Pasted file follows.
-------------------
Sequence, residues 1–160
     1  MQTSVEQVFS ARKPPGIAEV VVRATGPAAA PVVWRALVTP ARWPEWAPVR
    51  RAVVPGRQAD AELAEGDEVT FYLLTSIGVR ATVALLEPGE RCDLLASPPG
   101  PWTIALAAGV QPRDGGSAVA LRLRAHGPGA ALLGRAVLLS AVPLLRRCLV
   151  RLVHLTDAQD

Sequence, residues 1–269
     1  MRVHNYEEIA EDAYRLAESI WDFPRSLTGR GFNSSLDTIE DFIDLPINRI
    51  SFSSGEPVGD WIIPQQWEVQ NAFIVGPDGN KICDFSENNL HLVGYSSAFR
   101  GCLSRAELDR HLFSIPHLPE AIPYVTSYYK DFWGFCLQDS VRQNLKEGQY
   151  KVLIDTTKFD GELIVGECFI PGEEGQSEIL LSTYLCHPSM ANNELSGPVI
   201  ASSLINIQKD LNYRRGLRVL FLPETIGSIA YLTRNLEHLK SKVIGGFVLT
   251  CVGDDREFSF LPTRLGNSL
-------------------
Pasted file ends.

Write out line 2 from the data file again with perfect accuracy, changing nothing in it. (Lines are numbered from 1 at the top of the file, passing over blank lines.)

     1  MQTSVEQVFS ARKPPGIAEV VVRATGPAAA PVVWRALVTP ARWPEWAPVR